Consumerism and (hospital) birth – Part II – A Labor Intensive Process
Save for a passing introduction at the desk as I moved to a room, I never saw the OB on call because I had chosen the midwife practice. I’m assuming that he/she knew what was going on and likely signed off at that desk because the OB names are all over my discharge paperwork. Which is how I wanted it. And it makes sense from an efficiency standpoint of running a L&D wing with mostly midwives: use the less expensive labor when things are going as one would expect and save the more expensive (due to many more years of med school and their specializations) OB labor for when they are really needed. But, surprisingly, intake wasn’t exclusively the midwives’ or the nurses’ domain.
For this second birth, I moved through active labor VERY quickly – like from entering hospital dilated a 3 to baby on chest in less than 2.5 hours. The good news is that the midwives realized this right away and immediately started the water going in the labor tub after the obligatory 20-minutes triage monitoring period. I was thrilled that this hospital allowed – actually encourage! – the use of a big tub for natural labors. I was laboring in the tub about 45 minutes from walking in the door and was able to stay there for about an hour before we started draining the tub since I was pushy.
The bad news is that I spent literally half of my time in the tub talking to the anesthesiologist. For a birth where I explicitly had said no drugs with a track record of no drugs from the previous birth….where every nurse and midwife respected my request that drugs not be brought up unless I initiated the conversation!
So, when the anesthesiologist walks in the door, even in my hazy labor brain, I kept thinking “why is this guy here?”
His presence felt invasive. I just wanted him to leave and let me get on with the business of being in ‘my labor space.’ But I did what so many women do when they enter the hospital doors – instead of telling him outright to leave, I answered the questions. I told him thanks but no thanks, that I wanted to birth this child without his help. And then proceeded to answer his questions in the 90-120 seconds between contractions for at least a half hour!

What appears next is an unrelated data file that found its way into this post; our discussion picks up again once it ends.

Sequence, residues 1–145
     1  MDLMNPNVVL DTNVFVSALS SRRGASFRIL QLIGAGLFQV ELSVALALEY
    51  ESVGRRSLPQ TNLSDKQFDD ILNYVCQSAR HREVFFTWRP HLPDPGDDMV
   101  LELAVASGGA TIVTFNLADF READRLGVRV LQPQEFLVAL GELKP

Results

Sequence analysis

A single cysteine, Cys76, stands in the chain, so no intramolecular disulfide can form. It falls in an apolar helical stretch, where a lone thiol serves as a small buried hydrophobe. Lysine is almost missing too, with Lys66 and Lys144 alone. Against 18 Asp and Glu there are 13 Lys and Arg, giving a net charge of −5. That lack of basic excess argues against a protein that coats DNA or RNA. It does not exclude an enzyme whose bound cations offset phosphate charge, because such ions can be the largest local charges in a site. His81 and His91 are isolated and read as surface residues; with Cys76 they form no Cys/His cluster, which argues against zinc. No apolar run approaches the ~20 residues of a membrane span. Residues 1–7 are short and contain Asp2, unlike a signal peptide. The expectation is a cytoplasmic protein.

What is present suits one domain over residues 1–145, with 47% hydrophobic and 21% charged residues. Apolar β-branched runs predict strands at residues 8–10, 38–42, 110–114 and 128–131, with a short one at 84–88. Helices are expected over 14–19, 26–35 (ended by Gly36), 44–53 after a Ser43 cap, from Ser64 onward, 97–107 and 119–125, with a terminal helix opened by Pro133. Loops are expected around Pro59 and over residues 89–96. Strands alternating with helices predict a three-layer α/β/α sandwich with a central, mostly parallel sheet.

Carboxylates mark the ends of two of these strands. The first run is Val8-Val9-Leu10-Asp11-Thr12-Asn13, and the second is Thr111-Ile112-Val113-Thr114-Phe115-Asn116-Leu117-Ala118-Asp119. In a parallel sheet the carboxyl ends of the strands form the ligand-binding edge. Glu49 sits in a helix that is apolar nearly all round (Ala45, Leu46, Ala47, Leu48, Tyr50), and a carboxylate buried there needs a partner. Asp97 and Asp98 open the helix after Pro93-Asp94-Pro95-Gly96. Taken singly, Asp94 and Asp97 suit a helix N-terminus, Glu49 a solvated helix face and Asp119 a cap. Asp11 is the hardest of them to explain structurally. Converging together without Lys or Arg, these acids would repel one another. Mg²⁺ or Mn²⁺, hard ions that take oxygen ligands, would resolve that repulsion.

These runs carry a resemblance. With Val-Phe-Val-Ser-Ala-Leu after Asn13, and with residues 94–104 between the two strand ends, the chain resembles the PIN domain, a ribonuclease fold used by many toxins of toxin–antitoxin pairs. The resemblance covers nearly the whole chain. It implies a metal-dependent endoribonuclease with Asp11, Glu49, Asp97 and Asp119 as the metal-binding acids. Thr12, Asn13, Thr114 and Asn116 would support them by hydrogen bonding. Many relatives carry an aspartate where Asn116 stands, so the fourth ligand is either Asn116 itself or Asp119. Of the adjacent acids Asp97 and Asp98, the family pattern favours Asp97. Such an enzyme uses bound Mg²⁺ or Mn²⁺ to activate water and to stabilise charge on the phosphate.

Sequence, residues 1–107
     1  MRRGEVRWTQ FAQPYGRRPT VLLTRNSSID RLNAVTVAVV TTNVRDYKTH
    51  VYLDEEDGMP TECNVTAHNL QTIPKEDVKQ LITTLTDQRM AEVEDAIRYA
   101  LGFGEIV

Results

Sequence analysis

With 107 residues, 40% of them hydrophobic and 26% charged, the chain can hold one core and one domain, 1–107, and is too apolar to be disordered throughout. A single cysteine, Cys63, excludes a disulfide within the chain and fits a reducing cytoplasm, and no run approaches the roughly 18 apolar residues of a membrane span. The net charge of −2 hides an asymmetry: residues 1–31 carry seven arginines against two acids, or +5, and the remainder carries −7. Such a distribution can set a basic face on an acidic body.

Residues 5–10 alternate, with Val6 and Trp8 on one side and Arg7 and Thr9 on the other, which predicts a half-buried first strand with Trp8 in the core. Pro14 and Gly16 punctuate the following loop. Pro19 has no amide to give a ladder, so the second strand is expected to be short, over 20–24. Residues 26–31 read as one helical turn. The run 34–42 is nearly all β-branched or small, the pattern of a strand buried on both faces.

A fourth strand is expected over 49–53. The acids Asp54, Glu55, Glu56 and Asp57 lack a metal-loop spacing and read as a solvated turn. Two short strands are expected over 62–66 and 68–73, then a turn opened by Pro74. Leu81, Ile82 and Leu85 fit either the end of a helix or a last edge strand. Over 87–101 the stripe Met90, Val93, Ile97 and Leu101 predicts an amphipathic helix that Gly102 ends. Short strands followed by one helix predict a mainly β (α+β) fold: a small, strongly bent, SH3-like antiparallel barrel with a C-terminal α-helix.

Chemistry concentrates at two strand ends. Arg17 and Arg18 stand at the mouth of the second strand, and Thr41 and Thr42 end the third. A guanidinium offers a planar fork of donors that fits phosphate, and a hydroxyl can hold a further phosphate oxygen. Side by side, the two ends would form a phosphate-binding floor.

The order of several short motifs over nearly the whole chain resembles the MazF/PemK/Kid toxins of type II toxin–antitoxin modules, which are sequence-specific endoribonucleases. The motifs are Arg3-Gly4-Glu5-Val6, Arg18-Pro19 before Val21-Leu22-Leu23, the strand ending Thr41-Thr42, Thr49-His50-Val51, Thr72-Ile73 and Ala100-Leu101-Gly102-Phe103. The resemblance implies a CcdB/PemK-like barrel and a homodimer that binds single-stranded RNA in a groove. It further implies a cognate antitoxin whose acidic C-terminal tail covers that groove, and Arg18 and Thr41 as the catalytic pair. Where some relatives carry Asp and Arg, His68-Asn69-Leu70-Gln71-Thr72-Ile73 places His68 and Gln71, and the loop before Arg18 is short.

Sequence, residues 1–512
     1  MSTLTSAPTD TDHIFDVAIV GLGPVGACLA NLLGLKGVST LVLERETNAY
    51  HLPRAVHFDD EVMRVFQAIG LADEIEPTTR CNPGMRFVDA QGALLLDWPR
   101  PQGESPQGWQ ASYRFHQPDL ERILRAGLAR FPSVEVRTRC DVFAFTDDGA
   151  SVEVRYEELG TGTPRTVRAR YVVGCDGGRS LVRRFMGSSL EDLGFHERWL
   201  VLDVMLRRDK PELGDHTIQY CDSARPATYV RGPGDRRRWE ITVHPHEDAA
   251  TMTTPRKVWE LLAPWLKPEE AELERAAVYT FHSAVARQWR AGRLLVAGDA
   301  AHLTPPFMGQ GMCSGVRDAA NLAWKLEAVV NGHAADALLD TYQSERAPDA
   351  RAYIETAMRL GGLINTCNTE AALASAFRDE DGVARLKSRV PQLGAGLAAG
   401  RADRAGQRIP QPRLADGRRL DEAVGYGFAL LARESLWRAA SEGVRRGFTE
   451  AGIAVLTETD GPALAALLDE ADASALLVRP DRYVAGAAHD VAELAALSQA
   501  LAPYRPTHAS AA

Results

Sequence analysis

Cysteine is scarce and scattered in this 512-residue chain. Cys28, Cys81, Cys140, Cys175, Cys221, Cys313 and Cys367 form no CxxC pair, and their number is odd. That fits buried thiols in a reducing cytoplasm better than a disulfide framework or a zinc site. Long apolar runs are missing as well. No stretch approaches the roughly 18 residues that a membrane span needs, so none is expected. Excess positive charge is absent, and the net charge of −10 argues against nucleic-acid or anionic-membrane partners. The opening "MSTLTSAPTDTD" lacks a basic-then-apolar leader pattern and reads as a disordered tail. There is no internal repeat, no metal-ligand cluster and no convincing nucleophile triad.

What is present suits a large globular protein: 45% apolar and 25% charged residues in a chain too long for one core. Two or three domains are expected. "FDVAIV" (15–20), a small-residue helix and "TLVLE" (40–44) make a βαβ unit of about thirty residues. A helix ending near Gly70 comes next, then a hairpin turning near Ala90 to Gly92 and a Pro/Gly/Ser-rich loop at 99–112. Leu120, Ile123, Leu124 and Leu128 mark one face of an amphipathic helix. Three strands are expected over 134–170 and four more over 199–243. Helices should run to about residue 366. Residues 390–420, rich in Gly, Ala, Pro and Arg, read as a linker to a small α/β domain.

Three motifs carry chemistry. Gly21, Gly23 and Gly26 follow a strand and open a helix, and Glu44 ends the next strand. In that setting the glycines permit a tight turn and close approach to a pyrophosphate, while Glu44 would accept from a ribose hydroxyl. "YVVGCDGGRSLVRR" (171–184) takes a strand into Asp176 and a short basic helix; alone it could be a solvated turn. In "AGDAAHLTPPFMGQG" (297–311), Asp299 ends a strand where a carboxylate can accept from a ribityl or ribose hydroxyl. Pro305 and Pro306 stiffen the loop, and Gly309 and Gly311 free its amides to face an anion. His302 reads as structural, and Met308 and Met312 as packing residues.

Looking back with a non-labor brain, I know that the anesthesiologist was there to document ‘just in case’ of the crash C-section. I’m sure it is hospital protocol. But it still seems odd that an anesthesiologist did the majority of the intake patient history paperwork. I question the efficiency of having such a specialist doing that for a ‘just in case’ scenario that seemed unlikely to play out. Every single stinking thing he asked me was already (or could have already been) in my chart. And, if I really was in need of a crash C-section, he could have done it without many of those questions.
Less invasive (and certainly less costly) were the many middle of the night vital checks by all the nurses. Again, probably just hospital protocol intensified by the fact that I transferred to recovery just after midnight. After the second round of vitals that first night, my husband looked at me and said ‘if we were home, we would all be cuddling in our king size family bed and the midwives would have already packed up and gone home.’ I couldn’t decide if I wanted to kiss or kick him for stating the obvious. It did make me pause to think that (if things have gone relatively well) in a homebirth, the professional is more than comfortable leaving a new mom and baby to sleep and come back the next day for a check-in. The hospital, in order to cover their ass, is far more labor intensive and resource consuming during birth than it probably needs to be. Maybe some people find that comforting; I found it annoying.
So, why didn’t I tell the anesthesiologist (and the nurses at 3 am, etc) to leave? I can only explain it as the path of least resistance. I kept thinking that this question, this wake-up would be the last. I didn’t want to make a scene, didn’t have the energy to make a scene, just wanted to get people out of my space as quickly as possible.
This is yet another reason why women are choosing to birth at home. Birth is such an intimate and personal thing; but as much as hospitals are increasingly paying lip service to this, it is very difficult to achieve that intimacy in an institution governed by protocol and the threat of lawsuits. Only in your own home are you able to control who is in your space; you aren’t bombarded with a stranger asking you questions about something you don’t want to discuss. Perhaps that is one of the things that scares the medical establishment about homebirth the most?